float heading_error = -tx;
        float distance_error = -ty;

Exercise for the user:

  1. What numeric value of setpoint would make the example’s code line up with the above definition for PID error?
  2. What would a setpoint of that value physically mean? IE, what can you say about the positions of the limelight, the robot, and the target when tx and ty are equal to the setpoints?

The best summary I can give to get started is the one I posted above:

Have you attempted adjusting the Kp value yet? Do all three observations line up? Have you found an intermediate value which performs nicely on your robot hardware?

Thanks , but we use PhotonVision instead of Limelight. And the code is below :

// Copyright (c) FIRST and other WPILib contributors.
// Open Source Software; you can modify and/or share it under the terms of
// the WPILib BSD license file in the root directory of this project.

package frc.robot.subsystems.limelight;

import edu.wpi.first.wpilibj.controller.PIDController;
import edu.wpi.first.wpilibj.util.Units;
import edu.wpi.first.wpilibj2.command.CommandBase;
import frc.robot.Robot;
import frc.robot.util.RobotContainer;

import org.photonvision.PhotonCamera;
import org.photonvision.PhotonUtils;

public class photonlime extends CommandBase {
  /** Creates a new photonlime. */
  // Constants such as camera and target height stored. Change per robot and goal!
  final double CAMERA_HEIGHT_METERS = Units.inchesToMeters(48.1 / 2.54);
  final double TARGET_HEIGHT_METERS = Units.feetToMeters(8) + Units.inchesToMeters(2.25);
  // Angle between horizontal and the camera.
  final double CAMERA_PITCH_RADIANS = Units.degreesToRadians(60);
      
  // How far from the target we want to be
  final double GOAL_RANGE_METERS = Units.feetToMeters(3);

  PhotonCamera m_camera = new PhotonCamera("photonvision");

  // PID constants should be tuned per robot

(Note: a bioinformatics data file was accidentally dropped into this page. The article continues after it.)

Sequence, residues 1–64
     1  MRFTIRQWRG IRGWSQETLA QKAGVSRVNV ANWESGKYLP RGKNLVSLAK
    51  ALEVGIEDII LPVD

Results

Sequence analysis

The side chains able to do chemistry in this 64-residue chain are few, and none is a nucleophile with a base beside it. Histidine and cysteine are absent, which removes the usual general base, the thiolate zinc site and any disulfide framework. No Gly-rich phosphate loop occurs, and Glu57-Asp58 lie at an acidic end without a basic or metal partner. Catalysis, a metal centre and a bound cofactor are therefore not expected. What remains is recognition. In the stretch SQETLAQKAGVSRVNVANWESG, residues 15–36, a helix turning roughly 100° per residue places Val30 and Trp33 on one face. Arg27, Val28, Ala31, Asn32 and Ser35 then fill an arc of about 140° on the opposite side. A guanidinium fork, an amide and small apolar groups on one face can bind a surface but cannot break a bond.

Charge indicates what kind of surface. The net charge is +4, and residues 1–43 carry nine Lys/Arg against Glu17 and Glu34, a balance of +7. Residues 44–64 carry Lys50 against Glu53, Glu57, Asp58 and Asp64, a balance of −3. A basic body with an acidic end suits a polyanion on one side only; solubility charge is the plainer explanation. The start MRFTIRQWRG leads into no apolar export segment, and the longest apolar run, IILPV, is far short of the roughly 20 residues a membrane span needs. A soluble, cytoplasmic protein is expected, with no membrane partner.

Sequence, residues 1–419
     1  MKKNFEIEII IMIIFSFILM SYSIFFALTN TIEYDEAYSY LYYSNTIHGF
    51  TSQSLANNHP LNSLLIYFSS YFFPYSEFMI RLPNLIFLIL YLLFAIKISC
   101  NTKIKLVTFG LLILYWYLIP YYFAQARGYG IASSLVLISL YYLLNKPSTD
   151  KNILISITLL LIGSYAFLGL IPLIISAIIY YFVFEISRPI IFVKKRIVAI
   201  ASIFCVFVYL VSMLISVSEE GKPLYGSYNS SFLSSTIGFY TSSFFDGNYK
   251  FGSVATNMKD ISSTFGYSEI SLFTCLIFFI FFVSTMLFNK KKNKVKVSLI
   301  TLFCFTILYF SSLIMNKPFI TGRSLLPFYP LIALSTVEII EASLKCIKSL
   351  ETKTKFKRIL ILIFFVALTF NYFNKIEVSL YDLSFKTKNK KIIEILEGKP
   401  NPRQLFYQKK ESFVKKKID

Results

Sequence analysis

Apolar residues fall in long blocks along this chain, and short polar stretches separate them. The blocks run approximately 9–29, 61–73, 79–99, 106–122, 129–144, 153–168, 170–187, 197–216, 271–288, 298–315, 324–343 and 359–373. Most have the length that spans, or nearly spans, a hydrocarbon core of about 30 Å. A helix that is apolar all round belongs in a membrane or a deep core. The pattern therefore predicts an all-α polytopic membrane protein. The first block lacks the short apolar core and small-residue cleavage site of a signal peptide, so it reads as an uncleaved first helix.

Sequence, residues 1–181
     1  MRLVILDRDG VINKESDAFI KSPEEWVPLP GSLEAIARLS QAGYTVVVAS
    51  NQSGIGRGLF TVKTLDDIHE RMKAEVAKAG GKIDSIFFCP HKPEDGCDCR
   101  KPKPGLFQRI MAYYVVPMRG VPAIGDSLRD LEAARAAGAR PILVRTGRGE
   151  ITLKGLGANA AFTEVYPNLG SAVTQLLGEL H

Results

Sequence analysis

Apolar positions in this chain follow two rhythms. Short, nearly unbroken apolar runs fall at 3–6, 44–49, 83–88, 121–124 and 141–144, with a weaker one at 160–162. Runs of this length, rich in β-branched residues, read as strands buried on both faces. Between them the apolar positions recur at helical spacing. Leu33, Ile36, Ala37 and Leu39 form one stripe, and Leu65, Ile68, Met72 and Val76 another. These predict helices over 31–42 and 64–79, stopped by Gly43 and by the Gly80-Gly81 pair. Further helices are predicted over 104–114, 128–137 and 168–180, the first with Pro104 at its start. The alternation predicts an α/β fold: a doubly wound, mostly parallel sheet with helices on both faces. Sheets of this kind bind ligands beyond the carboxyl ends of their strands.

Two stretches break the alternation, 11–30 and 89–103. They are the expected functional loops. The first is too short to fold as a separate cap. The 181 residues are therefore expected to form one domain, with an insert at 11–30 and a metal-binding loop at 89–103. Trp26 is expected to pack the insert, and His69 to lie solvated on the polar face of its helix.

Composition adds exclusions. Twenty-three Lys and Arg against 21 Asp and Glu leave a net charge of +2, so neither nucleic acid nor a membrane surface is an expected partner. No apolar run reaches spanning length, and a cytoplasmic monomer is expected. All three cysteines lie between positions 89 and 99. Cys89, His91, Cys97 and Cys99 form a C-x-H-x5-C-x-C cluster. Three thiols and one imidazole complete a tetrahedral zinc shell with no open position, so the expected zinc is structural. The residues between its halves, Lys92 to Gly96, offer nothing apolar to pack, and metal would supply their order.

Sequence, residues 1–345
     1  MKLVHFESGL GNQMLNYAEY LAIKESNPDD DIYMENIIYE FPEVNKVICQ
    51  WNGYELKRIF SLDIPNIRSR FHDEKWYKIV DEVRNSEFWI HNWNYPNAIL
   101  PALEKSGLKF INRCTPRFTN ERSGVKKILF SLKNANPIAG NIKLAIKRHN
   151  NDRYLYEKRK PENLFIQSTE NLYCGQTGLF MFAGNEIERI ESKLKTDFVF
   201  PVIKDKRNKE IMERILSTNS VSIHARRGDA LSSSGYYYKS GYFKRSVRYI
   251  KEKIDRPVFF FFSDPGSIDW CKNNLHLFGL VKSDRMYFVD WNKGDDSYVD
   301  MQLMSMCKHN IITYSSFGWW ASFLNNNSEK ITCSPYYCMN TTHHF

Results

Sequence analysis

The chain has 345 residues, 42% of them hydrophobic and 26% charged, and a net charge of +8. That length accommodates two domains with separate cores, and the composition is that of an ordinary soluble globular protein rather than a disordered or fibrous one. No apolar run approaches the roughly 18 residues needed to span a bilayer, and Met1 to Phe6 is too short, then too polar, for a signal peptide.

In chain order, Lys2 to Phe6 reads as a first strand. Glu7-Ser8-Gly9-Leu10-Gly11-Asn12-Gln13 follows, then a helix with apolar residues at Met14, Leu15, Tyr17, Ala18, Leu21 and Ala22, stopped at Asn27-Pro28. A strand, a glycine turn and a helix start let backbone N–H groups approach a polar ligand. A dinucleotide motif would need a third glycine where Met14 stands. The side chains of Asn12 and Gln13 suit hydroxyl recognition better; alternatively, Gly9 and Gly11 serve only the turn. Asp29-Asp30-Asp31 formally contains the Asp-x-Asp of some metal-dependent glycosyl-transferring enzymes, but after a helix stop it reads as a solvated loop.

final double LINEAR_P = 0.1;
  final double LINEAR_D = 0.0;
  PIDController forwardController = new PIDController(LINEAR_P, 0, LINEAR_D);
  
  final double ANGULAR_P = 0.1;
  final double ANGULAR_D = 0.0;
  PIDController turnController = new PIDController(ANGULAR_P, 0, ANGULAR_D);
  
  public photonlime() {
    // Use addRequirements() here to declare subsystem dependencies.
    addRequirements(RobotContainer.m_Drive);
  }

  // Called when the command is initially scheduled.
  @Override
  public void initialize() {

  }

  // Called every time the scheduler runs while the command is scheduled.
  @Override
  public void execute() {
    double forwardSpeed;
    double rotationSpeed;

    // Vision-alignment mode
    // Query the latest result from PhotonVision
    var result = m_camera.getLatestResult();

    if (result.hasTargets()) {
        // First calculate range
        double range =
                PhotonUtils.calculateDistanceToTargetMeters(
                        CAMERA_HEIGHT_METERS,
                        TARGET_HEIGHT_METERS,
                        CAMERA_PITCH_RADIANS,
                        Units.degreesToRadians(result.getBestTarget().getPitch()));

        // Use this range as the measurement we give to the PID controller.
        // -1.0 required to ensure positive PID controller effort _increases_ range
        forwardSpeed = -1.0 * forwardController.calculate(range, GOAL_RANGE_METERS);

        // Also calculate angular power
        // -1.0 required to ensure positive PID controller effort _increases_ yaw
        rotationSpeed = -1.0 * turnController.calculate(result.getBestTarget().getYaw(), 0);
      } else {
          // If we have no targets, stay still.
          forwardSpeed = 0;
          rotationSpeed = 0;
        } 
      // Use our forward/turn speeds to control the drivetrain
      Robot.hardware.m_diffDrive.arcadeDrive(forwardSpeed,rotationSpeed);
    }




  // Called once the command ends or is interrupted.
  @Override
  public void end(boolean interrupted) {}

  // Returns true when the command should end.
  @Override
  public boolean isFinished() {
    return false;
  }
}

And how to tune its PID parameters.

I would not expect that changing from Limelight’s software to Photonvision’s software will not change the fundamental tuning process.

Can you elaborate?

  1. What steps have you taken?
  2. What are the behaviors you are currently seeing?
    • What do you believe is correct, and why?
    • What do you believe is incorrect, and why?